Grissom Vinyasa flow: For mind, body

  • Published
  • By Staff Sgt. Katrina Heikkinen
  • 434th Air Refueling Wing Public Affairs
In a room typically filled with the sounds of grunts, the smell of sweat and an atmosphere of adrenaline, now the smoothing sounds of a piano and strings permeate throughout.

“For the next 55 minutes, there’s nothing else that needs your attention,” she whispers. “Bring awareness to your back, place your hand there if you’d like.”

Participants focus on connecting their breathing with their bodies as they gracefully progress from one movement to the next.

Instructed by Katy Homes, lunchtime yoga is offered from noon to 1 p.m. every Tuesday and Thursday at the fitness center.

While there are various forms of yoga practices, Holmes class is a Vinyasa practice.

“With Vinyasa, we match breath to movement, so every inhale and exhale has a movement,” she said.

Because Vinyasa is a fluid, flowing type of yoga, Holmes said it offers both strengthening and cardiovascular benefits.

“Everything is integrated from the core, so there’s core strengthening and weight-bearing on your arms,” she added. “These movements definitely help with sit-ups and pushups.”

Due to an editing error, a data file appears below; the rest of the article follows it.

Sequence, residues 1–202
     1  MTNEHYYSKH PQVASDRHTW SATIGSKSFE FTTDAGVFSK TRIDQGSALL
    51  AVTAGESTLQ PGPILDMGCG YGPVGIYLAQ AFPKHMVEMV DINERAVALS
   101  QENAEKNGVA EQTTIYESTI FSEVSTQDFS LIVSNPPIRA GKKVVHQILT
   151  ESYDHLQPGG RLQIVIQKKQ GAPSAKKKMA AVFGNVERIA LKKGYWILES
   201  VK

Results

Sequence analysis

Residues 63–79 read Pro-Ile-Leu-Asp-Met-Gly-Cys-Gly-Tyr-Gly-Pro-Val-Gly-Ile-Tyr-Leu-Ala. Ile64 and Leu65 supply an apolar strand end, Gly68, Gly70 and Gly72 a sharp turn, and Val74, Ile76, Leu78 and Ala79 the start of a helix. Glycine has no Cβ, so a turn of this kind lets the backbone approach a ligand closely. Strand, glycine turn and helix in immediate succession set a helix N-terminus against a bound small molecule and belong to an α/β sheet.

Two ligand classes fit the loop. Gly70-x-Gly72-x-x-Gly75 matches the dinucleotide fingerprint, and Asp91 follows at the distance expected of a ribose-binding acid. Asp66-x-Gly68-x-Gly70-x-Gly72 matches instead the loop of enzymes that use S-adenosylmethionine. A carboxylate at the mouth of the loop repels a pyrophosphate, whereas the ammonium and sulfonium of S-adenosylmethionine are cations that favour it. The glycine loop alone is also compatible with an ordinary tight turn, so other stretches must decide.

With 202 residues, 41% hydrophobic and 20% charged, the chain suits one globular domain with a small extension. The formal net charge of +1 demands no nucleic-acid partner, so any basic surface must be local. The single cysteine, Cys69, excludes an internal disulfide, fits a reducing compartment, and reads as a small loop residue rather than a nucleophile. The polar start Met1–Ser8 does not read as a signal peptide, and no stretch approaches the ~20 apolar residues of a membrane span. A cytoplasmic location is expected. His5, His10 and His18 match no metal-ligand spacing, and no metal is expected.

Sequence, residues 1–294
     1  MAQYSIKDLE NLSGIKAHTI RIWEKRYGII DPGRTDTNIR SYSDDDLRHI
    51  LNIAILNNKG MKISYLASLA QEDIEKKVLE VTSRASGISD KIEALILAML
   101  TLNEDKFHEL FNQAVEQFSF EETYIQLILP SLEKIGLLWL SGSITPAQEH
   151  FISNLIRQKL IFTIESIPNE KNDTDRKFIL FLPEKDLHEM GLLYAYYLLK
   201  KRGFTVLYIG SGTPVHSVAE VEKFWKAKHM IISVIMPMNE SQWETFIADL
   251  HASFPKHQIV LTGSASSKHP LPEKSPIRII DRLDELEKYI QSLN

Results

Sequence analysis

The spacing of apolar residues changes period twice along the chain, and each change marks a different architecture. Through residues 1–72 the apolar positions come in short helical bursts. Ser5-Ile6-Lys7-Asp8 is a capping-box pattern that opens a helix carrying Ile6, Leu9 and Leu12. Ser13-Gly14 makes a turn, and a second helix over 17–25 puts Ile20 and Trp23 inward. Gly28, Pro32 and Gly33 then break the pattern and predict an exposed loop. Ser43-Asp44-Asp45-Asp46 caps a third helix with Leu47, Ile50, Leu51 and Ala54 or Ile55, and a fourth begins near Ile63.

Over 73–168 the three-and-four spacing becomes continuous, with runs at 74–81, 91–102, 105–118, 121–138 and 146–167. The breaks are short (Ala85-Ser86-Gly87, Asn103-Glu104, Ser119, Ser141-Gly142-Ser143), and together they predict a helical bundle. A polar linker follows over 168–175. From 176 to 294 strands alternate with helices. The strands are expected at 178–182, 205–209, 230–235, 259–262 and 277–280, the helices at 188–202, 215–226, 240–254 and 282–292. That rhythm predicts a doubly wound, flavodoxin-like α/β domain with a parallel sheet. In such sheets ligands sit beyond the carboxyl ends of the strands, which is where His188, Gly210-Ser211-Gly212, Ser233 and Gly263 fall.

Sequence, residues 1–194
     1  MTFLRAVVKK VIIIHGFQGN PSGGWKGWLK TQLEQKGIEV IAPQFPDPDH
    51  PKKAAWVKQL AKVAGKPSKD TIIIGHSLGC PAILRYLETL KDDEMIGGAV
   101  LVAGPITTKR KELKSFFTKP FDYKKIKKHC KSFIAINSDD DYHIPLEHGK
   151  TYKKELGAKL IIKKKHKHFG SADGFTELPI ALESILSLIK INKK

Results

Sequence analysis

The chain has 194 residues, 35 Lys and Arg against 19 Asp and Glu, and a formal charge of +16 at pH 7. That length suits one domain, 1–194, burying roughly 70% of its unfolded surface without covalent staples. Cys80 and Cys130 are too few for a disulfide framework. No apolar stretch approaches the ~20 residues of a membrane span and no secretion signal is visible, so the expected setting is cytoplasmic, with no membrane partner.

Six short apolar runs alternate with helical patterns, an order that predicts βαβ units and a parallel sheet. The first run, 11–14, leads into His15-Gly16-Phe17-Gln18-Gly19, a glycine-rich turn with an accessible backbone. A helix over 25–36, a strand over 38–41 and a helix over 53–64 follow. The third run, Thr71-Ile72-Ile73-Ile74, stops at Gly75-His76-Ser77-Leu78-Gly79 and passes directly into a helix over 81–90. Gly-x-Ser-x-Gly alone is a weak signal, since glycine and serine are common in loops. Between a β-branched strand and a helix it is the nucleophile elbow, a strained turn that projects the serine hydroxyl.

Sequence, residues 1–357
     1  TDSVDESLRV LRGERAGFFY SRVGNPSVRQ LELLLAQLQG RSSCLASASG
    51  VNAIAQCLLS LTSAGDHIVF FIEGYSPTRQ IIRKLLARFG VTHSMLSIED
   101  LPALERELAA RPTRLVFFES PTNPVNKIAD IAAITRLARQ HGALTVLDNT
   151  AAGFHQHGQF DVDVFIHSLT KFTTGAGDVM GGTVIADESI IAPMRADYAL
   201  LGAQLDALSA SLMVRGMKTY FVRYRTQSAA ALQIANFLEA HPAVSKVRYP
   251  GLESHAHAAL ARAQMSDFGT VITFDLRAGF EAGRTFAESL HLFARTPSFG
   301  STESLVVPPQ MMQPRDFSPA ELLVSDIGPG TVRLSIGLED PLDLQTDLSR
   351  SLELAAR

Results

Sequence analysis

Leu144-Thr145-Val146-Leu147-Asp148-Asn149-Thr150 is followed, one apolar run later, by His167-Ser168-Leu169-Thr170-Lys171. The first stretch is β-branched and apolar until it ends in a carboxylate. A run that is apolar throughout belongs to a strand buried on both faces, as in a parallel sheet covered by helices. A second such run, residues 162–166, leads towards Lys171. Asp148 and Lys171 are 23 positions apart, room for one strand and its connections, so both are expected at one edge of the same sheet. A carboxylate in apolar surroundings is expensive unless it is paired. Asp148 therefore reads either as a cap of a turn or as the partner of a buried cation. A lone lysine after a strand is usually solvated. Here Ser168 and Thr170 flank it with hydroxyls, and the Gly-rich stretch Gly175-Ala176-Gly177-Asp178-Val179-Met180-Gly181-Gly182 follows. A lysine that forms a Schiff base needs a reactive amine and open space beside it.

Holmes first discovered yoga while living in Albuquerque, New Mexico, in 2013. Initially she was drawn to yoga due to her background in gymnastics.

“Honestly, I thought I would be good at it [given my gymnastics background],” she admitted. “I think that’s the reason why many people start yoga – for the physical aspect. But then, I noticed as I started doing it, it became less about the physical workout and more about the stuff that happens on the inside.”

Holmes said that stuff – is both emotional and mental wellness.

“Yoga has taught me many lessons about accepting myself and my body,” she said. “I’m learning to lean into my breath, steady it and how that can then transpose into helping contain emotions and my overall wellbeing.”

Holmes believes exploring a yoga practice could be particularly beneficial for military members.

“I love teaching at Grissom because there are so many mental and emotional benefits of yoga,” she said. “I think it’s not only valuable but it’s needed, especially for military members I see it being a huge value and asset to the mission.”

Holmes said that the most common response she hears from people who’ve never tried yoga is that they can’t even touch their toes.

“Touching your toes isn’t a prerequisite,” she said. “If you can breathe, you can do yoga. Even just tuning into your breath, bringing awareness to your body can be yoga.”

Holmes hopes to expand her yoga classes at Grissom in the future.

The 434th ARW is the largest KC-135R Stratotanker unit in the Air Force Reserve Command. The Citizen Airmen from the Hoosier Wing routinely deploy around the world in support of the Air Force mission.

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